A Different StyleTranssexual:
In 1992 at the age of 43 I had a sex-change. I was born Dan Bunten and by various surgical and legal means I became Danielle Berry. By some criteria this makes me a transsexual (or Transgender as is the more current term). However, I look at it differently. I view the sex-change as my own second adolescent metamorphosis. It was the vehicle that got me from who I was to who I am. This may be semantics to some (and heresy to others) but it "feels" true to me. Although I'm not an gender activist, I'm also not one of those "woodwork" types that completely disconnect from her past, hides all evidence of it and attempts to blend in. I have a career that he started and children he fathered**. Both of which I love and couldn't bear to part with. Consequently, I've had to come up with my own approach to my change. This strategy (that is neither "out" nor "in" the closet) has some unique problems but I think it also has some unique benefits.
** Although to some it may sound bizarre using "he" to refer to myself in my previous gender, it actually feels more accurate than any other alternative (and it's shorter than "the previous owner of this body" which I also occasionally use).
I live in the place where I grew up, Little Rock, AR. It's a cute little city (pop 250,000) which is big enough that I can go to certain areas and not see a soul that I know. But it's also a small enough place that if you talk to anyone for very long you'll find a connection through a friend, relative or something else. Since I'm "out" to a fairly large number of people, I cant' be sure that folks I meet won't discover my past even if I'd rather they didn't. However, this is where my kids live and I would miss them too much if I moved away. Anyway, with my career in the computer game biz, a quick web search will come up with unwanted connections just knowing my name regardless of where I lived. As a result, I've started using a separate last name (and business cards with it on them) for dating so I can decide when I want to share my history.
On the negative side, I lost almost all relationships from my past. My male friends fell into two camps. Either they took me seriously as a woman and hence didn't feel the right kind of connection with me anymore, or they didn't take me as a woman at all and I felt awkward. In either case we drifted apart. I thought I was part of a large and caring family (many of whom live in the area) till I did this. One of my favorite brothers suggested that I should have killed myself and if I didn't leave the family alone he'd help me do it! Whew. The fortunate thing about a reaction that excessive is that it was really obvious it's his problem and not mine. More subtle responses could have made me feel selfish and guilty.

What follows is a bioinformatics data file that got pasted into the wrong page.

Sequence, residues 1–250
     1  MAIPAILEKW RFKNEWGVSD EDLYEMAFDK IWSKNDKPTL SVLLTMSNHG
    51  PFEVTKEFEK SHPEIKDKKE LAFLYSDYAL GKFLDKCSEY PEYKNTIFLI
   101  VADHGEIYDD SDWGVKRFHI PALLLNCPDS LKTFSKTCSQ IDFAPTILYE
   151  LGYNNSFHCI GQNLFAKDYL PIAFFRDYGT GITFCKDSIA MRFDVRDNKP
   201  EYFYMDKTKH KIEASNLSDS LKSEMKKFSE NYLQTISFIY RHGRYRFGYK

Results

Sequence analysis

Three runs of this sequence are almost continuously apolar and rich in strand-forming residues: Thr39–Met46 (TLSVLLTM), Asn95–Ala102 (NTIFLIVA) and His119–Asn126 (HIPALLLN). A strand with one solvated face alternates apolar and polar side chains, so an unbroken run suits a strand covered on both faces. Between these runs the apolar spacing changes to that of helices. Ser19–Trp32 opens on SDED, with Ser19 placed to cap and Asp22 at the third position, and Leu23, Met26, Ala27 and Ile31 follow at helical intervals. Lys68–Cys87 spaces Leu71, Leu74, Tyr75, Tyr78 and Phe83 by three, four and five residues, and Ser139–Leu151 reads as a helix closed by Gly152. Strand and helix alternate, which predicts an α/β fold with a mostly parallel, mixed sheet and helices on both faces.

Anyway, when I first came out, my 2 "closest" siblings and mother chose to disown me. That hurt, especially during holidays. However, the biggest loss was my children. My 23 yr old daughter got married and had a son since we've been estranged. My 14 yr. old son who lived with me till the change now alternates between embarassment about me and hostility for me. Although my relationship with my 7 yr old son is as good as ever (he doesn't remember when I wasn't one of his moms), my access to him is seriously limited by that other mom.
On the positive side, this process of becoming my "true self" has been the most awesome experience of my life. I love being able to be fully "me" -- past, present and future. With my friends I get to drop anecdotes from his past and share the insights that such dissonance usually offers. It's mostly happened that people I meet now make much deeper connections than before. There may be a cost but it seems well worth it to feel like I'm the whole person I want to be.
I haven't always felt sure I was doing the right thing, however. I remember a time when I was walking at the mall with a gay friend and watching all the "normal" families. I told him in a sad and regretful tone how "I'll never be normal again". He responded "You've got it wrong...you need to say...", with an exultant tone he shouted "I'll never be normal again!" It turns out he was right -- escaping the "normal" is what all of us need to do to become who we really are!
Dating Straight Men